Dr. Scott McDowell
: Well, as you finish up your dinner, I'm going to go ahead and help us transition. My name is Scott McDowell on the seventh president of Lubbock Christian University. We are glad to host you on campus this evening for the 11th Annual Lanier Lecture. And we express gratitude to Mark and Becky Lanier for their funding of this lecture.
Over the years. They've just done a fantastic job, been very generous to us. Mark is, as you well know, a world renowned lawyer, but he is really passionate about his faith and he's passionate about scholarship. And so he has been a delight. I see my friend Marvin Krasnow out here. We were talking a little bit, having a little fun talking about racquetball.
Mark Mark is a big racquetball player. He has a racquetball court in his house. And it's kind of like I talk a lot of trash to get an invitation, go play racquetball with him. And the lesson learned is never play against a guy that has his own racquetball court. But he's very generous in a lot of ways. And we're so thrilled for Mark and Becky's generosity making this evening possible.
We've got special guest, Charles Mickey, who's the director emeritus of the Lanier library. He is got some Lubbock roots and has been part of this in the past. His wife, Kay is with him. Would you waive at them folks there thank let's recognize them and Charles has coordinated our speaker for this evening. And in a moment, Dr. Jeff Cary will introduce her.
One of the things that really thrilled me when I got into this role was to be able to participate in an evening like this and to see the level of dialog and discourse that happens on our campus. It's just a magnificent thing. You're going to get a taste of that. Just a moment. Genuine university dialog. But in the first evening we had Mark Lanier and Charles and a couple other guys from the Lanier library here.
And one of the most enjoyable parts of that evening was me getting to spend time with them and see their love for each other and the community that they have created within that Lanier Theological Library family and Charles, it's winsome and it is a testimony to the goodness of God. So we're grateful for you and all the good work that you all do.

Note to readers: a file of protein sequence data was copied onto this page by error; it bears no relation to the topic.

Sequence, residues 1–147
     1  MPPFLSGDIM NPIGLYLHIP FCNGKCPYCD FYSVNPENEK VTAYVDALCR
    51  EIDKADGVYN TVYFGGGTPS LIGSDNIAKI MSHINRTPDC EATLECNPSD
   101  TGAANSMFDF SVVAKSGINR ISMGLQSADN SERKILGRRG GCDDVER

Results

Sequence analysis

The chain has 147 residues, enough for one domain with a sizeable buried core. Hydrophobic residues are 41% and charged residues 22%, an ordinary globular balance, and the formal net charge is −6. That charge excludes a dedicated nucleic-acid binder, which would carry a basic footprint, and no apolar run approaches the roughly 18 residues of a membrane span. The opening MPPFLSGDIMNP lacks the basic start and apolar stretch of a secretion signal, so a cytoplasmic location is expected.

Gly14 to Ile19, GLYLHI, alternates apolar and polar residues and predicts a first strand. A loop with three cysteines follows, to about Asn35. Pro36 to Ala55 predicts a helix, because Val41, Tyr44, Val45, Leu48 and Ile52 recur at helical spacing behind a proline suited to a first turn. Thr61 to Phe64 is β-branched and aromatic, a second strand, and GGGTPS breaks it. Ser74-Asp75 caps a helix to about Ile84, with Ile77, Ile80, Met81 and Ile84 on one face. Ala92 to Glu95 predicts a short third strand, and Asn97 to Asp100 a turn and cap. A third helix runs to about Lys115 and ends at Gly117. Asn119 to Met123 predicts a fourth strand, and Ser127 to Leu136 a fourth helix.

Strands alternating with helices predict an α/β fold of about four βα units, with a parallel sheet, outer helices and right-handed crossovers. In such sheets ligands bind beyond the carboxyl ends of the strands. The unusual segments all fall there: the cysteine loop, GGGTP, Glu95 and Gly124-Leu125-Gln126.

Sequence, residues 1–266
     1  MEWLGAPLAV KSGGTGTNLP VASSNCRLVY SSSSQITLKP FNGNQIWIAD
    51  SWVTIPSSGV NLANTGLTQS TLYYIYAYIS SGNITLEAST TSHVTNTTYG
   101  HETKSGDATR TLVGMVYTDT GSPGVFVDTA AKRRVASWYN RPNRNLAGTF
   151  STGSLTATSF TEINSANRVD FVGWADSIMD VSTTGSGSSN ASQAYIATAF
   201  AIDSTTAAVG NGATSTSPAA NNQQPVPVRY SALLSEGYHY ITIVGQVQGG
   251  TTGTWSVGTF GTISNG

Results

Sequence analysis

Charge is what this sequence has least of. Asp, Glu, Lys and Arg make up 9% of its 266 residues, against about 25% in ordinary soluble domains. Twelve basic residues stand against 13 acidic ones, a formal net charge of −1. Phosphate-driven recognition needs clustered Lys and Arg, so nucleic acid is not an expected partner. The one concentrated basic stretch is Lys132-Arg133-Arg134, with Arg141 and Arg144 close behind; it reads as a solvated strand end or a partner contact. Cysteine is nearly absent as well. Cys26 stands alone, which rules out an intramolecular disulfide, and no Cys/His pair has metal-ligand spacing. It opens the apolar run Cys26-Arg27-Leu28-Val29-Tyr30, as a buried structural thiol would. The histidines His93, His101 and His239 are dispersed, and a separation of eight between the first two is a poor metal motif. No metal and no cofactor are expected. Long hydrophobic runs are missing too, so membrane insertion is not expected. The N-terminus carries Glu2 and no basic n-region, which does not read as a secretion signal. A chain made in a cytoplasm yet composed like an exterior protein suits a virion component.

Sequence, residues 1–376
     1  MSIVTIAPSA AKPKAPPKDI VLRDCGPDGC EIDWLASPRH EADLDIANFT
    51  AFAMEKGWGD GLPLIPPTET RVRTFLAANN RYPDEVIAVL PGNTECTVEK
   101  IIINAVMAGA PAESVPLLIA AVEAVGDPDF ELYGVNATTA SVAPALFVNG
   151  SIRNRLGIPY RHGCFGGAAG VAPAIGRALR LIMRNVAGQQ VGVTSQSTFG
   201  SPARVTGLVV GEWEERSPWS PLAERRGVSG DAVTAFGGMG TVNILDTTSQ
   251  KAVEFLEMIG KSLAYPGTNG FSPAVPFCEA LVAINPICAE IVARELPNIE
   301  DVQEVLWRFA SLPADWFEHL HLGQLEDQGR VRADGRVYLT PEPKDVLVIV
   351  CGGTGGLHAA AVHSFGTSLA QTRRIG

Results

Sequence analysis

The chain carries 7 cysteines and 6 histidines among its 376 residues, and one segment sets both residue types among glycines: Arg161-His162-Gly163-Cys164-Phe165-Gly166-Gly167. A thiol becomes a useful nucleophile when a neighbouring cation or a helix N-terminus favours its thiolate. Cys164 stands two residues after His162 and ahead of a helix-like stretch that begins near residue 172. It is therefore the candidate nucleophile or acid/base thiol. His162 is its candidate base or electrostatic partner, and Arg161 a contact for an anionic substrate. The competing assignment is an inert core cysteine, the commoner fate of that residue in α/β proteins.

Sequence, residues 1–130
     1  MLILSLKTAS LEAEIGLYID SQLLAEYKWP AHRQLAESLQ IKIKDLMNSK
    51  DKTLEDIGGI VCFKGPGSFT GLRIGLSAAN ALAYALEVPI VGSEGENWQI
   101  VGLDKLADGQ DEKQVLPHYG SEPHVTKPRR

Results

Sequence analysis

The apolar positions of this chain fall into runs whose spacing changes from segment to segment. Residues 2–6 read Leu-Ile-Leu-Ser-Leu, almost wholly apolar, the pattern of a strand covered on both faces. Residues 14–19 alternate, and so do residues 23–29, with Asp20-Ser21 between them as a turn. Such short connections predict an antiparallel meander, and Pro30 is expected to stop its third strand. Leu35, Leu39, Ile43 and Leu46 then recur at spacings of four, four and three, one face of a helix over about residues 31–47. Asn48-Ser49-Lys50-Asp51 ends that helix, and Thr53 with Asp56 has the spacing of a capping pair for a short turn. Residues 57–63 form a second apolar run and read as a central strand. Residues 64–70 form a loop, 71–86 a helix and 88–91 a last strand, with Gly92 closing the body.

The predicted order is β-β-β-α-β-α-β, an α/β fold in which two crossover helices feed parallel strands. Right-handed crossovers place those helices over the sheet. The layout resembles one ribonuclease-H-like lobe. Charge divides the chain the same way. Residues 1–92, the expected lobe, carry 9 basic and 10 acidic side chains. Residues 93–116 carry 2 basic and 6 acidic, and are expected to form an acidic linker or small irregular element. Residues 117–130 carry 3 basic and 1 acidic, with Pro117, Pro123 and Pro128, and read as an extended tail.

And for the Lanier's and Dr. Cary will now come and introduce our speaker for the evening.
Dr. Jeff Cary : All right. Good evening. I didn't introduce myself before. I think there's some people in the corner I can't see. I'm sorry. My name is Jeff Cary I serve as the dean of the College of Biblical Studies, and it is always the College of Biblical Studies honor to get to host these lectures here. So we're very glad you're here.
And I'm super delighted to introduce our guests to you. This is Dr. Sharon Dirckx Now you can see her name at the bottom of the screen. Over there it is d i r c k x. Now, how do you say this? So all summer when we were interacting in my mind, I was saying. DIRKS And so the first thing I did was ask her, how do you say this?
And she said, Derek's tonight. I was asking her where that comes from. Her husband comes from Danish roots. Dutch, Dutch, sorry, Dutch roots. And there is a day in where they're from, where they have Dirckx’s day. That's pretty amazing. So we're happy to have her here with us. We're going to have a much fuller introduction of Dr. Dirckx at the evening lecture.
I'm just going to tell you enough to set the table for our conversation. She began as a scientist, she got a biochemistry degree and then a Ph.D. in brain imaging from Cambridge. Maybe. Maybe you've heard of it, right? After practicing in that field for 11 years and doing seven years of postdoc research, she went to Oxford to receive training in Christian apologetics and so forth.
For the last 15 years, she's been working at this intersection of science and Christian faith. She writes books, she researches, she she’s on the road all of the time speaking. So it's an honor for her, honor for us to have her here. On a personal note, what I want to share with you is that the brief amount of time that I've been able to spend with her.
What I've seen is a person of just beautiful humility, even though she has really impressive academic credentials. I watched that today in Chapel as she spoke about the hope that we have in Christ. It was a beautiful message of the gospel. I watched her as she dealt with students this afternoon in a student lecture and fielded their questions how she handled some potentially sensitive questions with such care and grace.